by Anton Shilov
01/07/2014 | 10:14 PM
Although the personal computer has traditionally been one of the most open platforms in all of technology, due to technical complexities of PC hardware only experienced enthusiasts have been able to take advantage of this openness to build, customize and continuously upgrade their PC desktop systems. In an attempt to enable even unexperienced users to design and upgrade their PCs themselves, Razer on Tuesday introduced its all-new modular PC concept code-named Christine.
The concept of IBM PC-compatible systems has always relied on modular approach to hardware so to allow convenient configuration and reparability. However, not a lot of users can serve their PCs themselves since they need to know how to disassemble personal computers, plug and unplug gables and then install hardware properly (i.e., ensure compatibility between components, make sure there is enough power supply, and efficient cooling). With Razer’s project Christine, end-users will be able to customize, upgrade and tweak their PCs without additional technical assistance and without the fear of incompatibility or obsolescence.
Project Christine’s modular design allows users to easily build their PCs by allowing them to select and install modules on-the-fly, whether it is a microprocessor, graphics processing unit, or memory and storage configuration. The modularity of Project Christine make it perpetually customizable, offering plug-and-play upgradability as new and improved technology evolves, ostensibly eliminating the need to replace entire systems. Modules connected to the PCI Express backbone can be added in any order or combination, featuring up to quad-SLI multi-GPU graphics, multiple SSD and RAID storage components, I/O and even power supplies, ensuring maximum flexibility, according to Razer.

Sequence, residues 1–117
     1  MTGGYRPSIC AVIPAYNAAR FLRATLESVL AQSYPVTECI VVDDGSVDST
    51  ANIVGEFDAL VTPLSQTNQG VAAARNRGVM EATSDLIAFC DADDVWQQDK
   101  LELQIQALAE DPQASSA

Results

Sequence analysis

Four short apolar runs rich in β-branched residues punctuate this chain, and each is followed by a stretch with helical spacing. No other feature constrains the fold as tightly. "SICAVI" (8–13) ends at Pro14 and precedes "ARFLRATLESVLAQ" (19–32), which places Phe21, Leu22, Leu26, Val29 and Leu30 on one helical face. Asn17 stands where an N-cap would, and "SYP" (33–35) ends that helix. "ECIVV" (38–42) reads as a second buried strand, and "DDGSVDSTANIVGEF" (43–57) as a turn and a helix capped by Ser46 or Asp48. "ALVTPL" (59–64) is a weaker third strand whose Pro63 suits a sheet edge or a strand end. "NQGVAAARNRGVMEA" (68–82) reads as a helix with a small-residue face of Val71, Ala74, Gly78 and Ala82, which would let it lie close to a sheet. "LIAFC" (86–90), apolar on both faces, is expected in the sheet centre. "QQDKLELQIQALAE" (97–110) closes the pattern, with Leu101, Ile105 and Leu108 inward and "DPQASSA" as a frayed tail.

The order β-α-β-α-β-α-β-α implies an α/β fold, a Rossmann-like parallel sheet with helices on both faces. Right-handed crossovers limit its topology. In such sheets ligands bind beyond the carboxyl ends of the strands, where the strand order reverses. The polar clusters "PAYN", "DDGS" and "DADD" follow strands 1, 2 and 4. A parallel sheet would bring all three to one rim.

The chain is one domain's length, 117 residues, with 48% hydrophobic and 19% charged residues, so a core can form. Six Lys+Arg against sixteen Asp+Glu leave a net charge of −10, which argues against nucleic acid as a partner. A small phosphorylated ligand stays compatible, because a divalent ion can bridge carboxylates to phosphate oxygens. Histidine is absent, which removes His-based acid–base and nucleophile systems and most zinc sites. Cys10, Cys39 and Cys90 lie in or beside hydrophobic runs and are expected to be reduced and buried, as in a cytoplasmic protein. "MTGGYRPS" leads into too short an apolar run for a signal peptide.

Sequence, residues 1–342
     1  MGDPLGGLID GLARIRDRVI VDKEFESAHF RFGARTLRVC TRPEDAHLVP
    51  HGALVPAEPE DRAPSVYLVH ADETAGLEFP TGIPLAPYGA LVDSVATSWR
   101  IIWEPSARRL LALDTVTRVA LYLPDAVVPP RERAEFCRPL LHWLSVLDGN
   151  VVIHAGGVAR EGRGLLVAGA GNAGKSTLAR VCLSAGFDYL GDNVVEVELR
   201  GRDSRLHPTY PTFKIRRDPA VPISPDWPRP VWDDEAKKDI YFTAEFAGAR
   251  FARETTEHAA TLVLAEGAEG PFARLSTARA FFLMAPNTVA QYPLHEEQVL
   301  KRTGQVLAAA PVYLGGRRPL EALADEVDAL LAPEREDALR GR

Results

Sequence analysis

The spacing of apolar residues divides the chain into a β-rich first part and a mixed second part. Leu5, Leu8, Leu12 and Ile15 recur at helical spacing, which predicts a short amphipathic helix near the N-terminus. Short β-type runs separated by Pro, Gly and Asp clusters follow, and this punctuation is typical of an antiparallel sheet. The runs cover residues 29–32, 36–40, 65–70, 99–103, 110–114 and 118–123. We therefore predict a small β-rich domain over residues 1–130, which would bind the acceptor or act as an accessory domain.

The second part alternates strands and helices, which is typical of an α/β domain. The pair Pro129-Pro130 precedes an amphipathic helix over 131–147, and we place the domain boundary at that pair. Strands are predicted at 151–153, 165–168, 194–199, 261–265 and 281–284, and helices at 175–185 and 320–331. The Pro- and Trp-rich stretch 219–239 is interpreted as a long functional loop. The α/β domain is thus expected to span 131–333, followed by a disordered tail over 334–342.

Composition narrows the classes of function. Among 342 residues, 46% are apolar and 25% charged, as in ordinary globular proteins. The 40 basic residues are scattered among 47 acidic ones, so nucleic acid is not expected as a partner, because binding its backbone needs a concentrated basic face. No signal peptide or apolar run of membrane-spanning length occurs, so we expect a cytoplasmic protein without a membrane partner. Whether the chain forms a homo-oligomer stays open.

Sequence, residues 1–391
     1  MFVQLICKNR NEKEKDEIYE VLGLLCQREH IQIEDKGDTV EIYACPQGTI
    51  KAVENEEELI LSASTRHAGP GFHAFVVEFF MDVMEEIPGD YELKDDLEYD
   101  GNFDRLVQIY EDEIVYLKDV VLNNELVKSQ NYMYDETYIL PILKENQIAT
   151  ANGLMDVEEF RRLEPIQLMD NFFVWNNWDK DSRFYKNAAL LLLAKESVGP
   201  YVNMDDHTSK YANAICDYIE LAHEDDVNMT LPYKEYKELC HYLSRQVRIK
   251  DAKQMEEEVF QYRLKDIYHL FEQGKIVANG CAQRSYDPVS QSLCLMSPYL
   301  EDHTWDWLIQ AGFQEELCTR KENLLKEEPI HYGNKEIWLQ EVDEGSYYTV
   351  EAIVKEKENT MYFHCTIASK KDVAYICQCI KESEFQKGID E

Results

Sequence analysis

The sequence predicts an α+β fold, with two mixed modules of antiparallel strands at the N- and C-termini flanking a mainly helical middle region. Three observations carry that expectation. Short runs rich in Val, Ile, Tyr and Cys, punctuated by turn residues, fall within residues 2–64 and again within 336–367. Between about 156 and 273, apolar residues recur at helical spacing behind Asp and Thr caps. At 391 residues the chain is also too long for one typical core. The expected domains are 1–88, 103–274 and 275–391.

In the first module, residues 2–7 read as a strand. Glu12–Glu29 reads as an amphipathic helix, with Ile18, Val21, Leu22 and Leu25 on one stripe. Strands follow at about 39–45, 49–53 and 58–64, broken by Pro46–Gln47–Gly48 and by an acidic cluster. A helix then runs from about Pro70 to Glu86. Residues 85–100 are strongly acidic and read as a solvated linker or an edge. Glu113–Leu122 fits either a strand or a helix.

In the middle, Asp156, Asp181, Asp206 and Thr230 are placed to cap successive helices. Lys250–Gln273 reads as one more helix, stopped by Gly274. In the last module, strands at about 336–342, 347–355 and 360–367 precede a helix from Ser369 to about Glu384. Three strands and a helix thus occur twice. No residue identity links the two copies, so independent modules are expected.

The cable-less design of each sealed module is entirely self-contained and features active liquid cooling and noise cancelation, which allows Razer to factory overclock components without voiding warranties, safely and quietly. The system also features a touch-screen LCD display that indicates control and maintenance information.
“Project Christine is a new concept design that will revolutionize the way users view the traditional PC. This is the first gaming system that is able to keep pace with technology and could allow consumers to never buy another PC, or gaming system, again. We have a history of bringing incredibly innovative concept systems to market and it’s fair to say that Project Christine is a very exciting new prospect for future development,” said Min-Liang Tan, Razer co-founder, CEO and creative director.
The project Christine concept from Razer looks very promising from many points of view. While we do not know a lot about the architecture of Christine, it looks like it relies on industry standards in a proprietary implementations. This means that the modules may be available only from Razer itself, which means increased prices and limited choice. Besides, hardware these days changes form-factors and comes with exclusive new capabilities, which affects PCs on the platform level. Therefore, even fully-modular PCs will have their limits of upgrade-ability.